The motion then quotes from several colorful Alexie writings in which he expresses hostility toward Bennett, Howard Schultz, Nick Licata and anyone who feels happy about the Sonics’ potential departure, punctuated with expressions not used in most family newspapers.
Reading through Alexie’s “Sonics Death Watch” column for The Stranger, it becomes fairly easy to see why Bennett and the Professional Basketball Club are so afraid of him. Like this reflection from Chapter XIX
Yes, I have always been a lonely, frightened, homesick bastard.
So during my recent trip to France, when I returned to my hotel room at the end of each working day, I turned on CNN International for comfort and heard endless reports about the upcoming European Cup championship soccer match between Manchester United and Chelsea. This match between two venerable British franchises was to be played in Moscow, Russia.
This match was expected to be so passionate, and its fans so crazed and potentially riotous, that the Russians were curtailing alcohol sales. You read that correctly. Russians were worrying about the negative effects of inebriation.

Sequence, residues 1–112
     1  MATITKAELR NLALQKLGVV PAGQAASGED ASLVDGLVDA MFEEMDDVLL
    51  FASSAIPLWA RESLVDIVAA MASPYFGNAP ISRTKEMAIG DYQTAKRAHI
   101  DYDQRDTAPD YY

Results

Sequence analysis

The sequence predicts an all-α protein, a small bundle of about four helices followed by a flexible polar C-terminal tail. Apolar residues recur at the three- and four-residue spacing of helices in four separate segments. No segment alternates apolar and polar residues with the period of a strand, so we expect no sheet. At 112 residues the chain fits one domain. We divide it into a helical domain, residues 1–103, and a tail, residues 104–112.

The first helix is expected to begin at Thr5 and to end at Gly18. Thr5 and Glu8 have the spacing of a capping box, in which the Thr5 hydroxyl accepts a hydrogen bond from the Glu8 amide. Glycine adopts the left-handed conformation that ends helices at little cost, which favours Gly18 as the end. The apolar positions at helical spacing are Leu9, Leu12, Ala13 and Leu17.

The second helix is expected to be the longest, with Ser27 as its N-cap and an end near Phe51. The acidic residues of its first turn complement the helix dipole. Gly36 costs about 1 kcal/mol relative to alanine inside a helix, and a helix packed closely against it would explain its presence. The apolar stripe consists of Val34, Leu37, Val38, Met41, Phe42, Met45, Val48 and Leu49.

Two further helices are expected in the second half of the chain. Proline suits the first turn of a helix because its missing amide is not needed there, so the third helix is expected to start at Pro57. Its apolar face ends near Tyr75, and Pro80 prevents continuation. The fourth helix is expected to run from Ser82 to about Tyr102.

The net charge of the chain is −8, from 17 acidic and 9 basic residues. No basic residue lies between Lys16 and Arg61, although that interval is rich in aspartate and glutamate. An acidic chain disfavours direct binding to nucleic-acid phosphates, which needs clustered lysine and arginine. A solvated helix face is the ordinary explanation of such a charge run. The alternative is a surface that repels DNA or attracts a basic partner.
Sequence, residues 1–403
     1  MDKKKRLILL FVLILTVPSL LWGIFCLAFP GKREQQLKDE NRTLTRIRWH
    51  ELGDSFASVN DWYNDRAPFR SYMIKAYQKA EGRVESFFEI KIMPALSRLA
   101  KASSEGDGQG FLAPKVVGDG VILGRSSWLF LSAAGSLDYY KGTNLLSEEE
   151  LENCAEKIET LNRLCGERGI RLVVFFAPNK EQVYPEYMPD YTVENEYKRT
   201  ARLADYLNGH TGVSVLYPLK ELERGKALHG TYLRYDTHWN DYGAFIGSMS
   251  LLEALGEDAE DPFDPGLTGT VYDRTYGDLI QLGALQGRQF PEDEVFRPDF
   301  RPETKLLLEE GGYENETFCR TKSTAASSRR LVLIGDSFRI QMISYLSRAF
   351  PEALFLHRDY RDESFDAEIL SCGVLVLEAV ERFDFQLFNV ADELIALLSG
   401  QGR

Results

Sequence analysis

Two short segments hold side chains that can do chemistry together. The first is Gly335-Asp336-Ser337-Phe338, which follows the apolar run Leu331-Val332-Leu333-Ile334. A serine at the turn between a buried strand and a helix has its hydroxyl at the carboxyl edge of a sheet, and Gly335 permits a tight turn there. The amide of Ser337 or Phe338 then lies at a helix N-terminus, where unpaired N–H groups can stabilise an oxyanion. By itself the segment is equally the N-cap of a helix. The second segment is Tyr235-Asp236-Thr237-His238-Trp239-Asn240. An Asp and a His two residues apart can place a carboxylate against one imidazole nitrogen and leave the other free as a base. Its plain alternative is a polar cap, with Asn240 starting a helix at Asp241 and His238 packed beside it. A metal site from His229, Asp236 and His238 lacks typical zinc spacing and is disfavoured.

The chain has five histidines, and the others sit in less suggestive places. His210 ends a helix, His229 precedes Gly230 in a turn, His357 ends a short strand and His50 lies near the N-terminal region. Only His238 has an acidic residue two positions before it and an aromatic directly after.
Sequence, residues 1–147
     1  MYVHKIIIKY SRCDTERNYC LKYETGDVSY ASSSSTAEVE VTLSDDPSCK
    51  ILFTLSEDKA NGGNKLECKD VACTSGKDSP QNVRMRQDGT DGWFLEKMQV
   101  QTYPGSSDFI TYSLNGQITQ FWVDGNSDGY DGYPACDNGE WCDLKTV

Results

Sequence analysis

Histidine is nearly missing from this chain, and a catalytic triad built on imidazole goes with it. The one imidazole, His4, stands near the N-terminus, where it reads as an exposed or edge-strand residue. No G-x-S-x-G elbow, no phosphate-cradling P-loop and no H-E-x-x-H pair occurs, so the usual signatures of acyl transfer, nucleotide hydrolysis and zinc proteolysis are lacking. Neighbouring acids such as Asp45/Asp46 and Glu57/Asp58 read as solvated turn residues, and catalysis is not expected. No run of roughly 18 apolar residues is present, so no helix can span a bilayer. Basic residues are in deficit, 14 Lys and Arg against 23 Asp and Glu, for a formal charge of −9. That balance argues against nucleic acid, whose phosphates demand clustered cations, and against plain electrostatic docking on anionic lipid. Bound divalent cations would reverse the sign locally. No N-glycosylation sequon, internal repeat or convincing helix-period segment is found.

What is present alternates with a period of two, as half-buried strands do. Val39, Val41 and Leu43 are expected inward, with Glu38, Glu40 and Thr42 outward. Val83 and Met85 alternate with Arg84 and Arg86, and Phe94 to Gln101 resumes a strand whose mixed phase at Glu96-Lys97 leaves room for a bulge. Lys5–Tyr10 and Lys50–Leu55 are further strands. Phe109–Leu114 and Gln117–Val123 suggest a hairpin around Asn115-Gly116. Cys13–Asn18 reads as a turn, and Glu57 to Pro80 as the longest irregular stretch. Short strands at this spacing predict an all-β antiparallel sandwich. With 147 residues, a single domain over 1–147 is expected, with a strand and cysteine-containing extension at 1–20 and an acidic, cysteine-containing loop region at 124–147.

I don’t drink, and I’m not violent, but I love my Sonics with passionate intensity. Many crazy and contradictory British folks are traveling to Russia so they can watch the game on Moscow sports bar televisions. Will I have to ignore my fear of flying and hatred of right-wing billionaires and make a few crazy and contradictory trips to watch Kevin Durant lead the Oklahoma City Whatevers?
Or Chapter IX:
I want to kidnap a basketball hater. I want to drive him to a high-school gym in Reardan or Wellpinit, my hometowns. I want to sit my hostage in the bleachers and point out the grandparents, parents, siblings, cousins, and townspeople who have gathered to cheer for their team, for their families.
I want my hostage to understand that when I cheer for the Sonics, I am cheering for the city of Seattle. I’m a small-town kid who, through his basketball love, has changed this metropolis into my community. You are my family.